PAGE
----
How Payroll Tax Cut Affects Social Security's Future
President Obama put Congress on notice Tuesday in a speech in Osawatomie, Kan.
He said that unless a temporary payroll tax cut is extended this month, 160 million Americans would see their taxes go up next year by an average of $1,000. But there's concern on both sides of the political aisle that the payroll tax holiday might be undermining the solvency of Social Security.
Fact No. 1: Last year, for the first time in its 75-year history, Social Security took in less money than it paid out.
Fact No. 2: This year, the first of the baby boomers reached retirement age and began collecting Social Security benefits.
Fact No. 3: The payroll tax holiday that Congress approved a year ago reduced Social Security's revenues this year by $105 billion.
Obama showed no sign of being troubled by those facts when he popped into the White House briefing room earlier this week and called on Congress to extend the payroll tax cut for another year.
"It will help families pay their bills, it will spur spending, it will spur hiring, and it's the right thing to do," Obama said.
Republicans on Capitol Hill might disagree. Although they do not think other tax cuts should be paid for, they make an exception when it comes to Social Security.
My concern is diverting hundreds of billions of dollars from the Social Security trust fund into that immediate tax relief ... I would love to see tax relief, but done in a different way.
"Getting rid of the way we fund Social Security through the payroll tax is a dangerous idea," says Lamar Alexander, the Senate's No. 3 Republican. "Taking money from Social Security funding is a long-term raid on solvency of Social Security."
It's not just Republicans raising red flags about Social Security, either. Bernie Sanders, the Vermont independent who caucuses with Senate Democrats, says he agrees with Obama that middle-class families and the working poor need tax relief to weather tough economic times.
"My concern is diverting hundreds of billions of dollars from the Social Security trust fund into that immediate tax relief," Sanders says. "So I would love to see tax relief, but done in a different way."
Charles Blahous, whom Obama appointed last year to be one of the six trustees of Social Security and Medicare, thinks it's a far greater danger than most people anticipate. He too says the payroll tax break might be harming Social Security's long-term solvency.
"I mean, I'm a Republican and I'm a conservative, and if you were to ask me at a first approximation, do I want lower taxes or higher taxes, then obviously I want lower taxes," Blahous says. "The problem here is that I'm also a public Social Security trustee, and so I'm honor-bound to identify when this causes a change or a difficulty for the Social Security program, which it does."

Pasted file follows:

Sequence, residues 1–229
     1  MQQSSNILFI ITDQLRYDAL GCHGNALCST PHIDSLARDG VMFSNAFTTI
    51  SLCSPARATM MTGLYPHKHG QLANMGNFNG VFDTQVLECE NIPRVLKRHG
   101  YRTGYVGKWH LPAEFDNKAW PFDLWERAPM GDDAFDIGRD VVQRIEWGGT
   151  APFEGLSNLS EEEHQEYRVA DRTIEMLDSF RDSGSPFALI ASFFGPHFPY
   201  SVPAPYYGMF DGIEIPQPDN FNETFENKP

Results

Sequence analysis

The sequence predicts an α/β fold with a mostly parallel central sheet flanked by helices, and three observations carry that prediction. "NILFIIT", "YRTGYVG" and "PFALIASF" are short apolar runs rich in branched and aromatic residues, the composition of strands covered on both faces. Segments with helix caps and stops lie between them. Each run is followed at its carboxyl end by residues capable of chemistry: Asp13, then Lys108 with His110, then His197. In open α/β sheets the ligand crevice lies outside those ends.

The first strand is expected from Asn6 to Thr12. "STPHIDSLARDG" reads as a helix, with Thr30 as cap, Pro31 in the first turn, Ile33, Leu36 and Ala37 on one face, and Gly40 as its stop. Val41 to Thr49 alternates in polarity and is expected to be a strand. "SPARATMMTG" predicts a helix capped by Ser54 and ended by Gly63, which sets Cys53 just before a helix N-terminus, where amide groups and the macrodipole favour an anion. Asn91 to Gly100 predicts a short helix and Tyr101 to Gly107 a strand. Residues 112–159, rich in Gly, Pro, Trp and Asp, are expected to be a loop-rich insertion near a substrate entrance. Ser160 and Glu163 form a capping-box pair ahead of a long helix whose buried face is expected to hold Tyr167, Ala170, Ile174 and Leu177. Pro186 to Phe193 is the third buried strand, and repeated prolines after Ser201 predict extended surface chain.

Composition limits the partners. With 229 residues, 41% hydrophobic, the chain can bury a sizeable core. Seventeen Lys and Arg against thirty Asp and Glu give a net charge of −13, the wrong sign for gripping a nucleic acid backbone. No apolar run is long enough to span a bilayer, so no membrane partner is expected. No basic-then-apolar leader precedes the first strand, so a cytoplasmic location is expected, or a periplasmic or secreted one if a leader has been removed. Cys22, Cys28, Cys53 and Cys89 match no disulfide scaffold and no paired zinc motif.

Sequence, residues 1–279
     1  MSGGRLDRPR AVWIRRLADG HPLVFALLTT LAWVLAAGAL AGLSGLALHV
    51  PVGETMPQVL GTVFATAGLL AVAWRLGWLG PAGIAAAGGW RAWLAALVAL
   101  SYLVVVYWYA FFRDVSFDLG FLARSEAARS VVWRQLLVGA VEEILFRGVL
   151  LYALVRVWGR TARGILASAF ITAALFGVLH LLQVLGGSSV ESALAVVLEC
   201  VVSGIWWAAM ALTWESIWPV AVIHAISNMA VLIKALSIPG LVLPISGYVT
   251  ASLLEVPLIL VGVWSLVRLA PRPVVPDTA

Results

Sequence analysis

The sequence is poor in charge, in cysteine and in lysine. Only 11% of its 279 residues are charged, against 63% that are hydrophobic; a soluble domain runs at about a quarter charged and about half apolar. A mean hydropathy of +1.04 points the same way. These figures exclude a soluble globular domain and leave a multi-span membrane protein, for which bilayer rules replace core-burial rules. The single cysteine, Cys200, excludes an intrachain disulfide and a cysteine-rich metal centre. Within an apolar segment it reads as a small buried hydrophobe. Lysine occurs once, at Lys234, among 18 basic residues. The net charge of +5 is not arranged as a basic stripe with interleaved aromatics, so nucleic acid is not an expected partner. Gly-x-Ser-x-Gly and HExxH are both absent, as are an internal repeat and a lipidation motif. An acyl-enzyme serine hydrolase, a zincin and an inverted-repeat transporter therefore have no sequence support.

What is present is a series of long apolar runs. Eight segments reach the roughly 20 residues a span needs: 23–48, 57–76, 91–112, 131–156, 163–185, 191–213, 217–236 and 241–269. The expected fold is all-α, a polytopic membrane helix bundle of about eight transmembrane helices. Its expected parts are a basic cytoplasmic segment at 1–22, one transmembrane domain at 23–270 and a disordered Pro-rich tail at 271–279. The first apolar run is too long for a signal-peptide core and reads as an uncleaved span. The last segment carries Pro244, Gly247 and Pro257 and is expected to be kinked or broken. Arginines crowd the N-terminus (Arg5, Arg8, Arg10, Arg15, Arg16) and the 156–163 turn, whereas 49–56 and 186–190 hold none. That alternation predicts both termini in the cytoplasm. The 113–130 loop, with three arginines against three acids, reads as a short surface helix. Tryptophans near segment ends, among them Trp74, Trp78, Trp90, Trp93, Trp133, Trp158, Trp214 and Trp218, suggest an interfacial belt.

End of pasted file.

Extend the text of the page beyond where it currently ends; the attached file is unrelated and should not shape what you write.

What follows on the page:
That's because Social Security has long been considered self-financing and thus politically immune from budget cuts. But that could change, Blahous says, now that employees are no longer paying their full share into Social Security because of the payroll tax holiday.
"This could be the beginning of the end of the idea that this is an earned benefit, [and] where benefits enjoy a certain amount of political protection because of a notion that they have been paid for in the past by the beneficiaries," he says.
There's anxiety among Democrats as well about the prospect of prolonging the payroll tax cut. Nancy Altman, co-director of Social Security Works, a Washington-based advocacy group, says she's been alarmed to see a Democratic administration dipping into Social Security's revenue stream to stimulate the economy.
"Democrats were the ones that created Social Security and the ones that were the strongest champions over its 76 years," Altman says. "So to have a Democratic president proposing to undo the dedicated revenue ... it's a fundamental change that supporters of the program, I think, should oppose."
Altman worries the payroll tax cut has become so popular it will be hard to end it, and that's one reason why she opposed it in the first place.
"Many of us at the time said that it's no way this is just going to last one year. And sure enough, we're back now talking about expanding it," she says.
Some lawmakers do say the tax break is worrisome, including Rhode Island Democratic Sen. Sheldon Whitehouse.
"I think one more year should be about the limit," Whitehouse says, "because of the nature of Social Security."
A program that, until now, has always paid its way.
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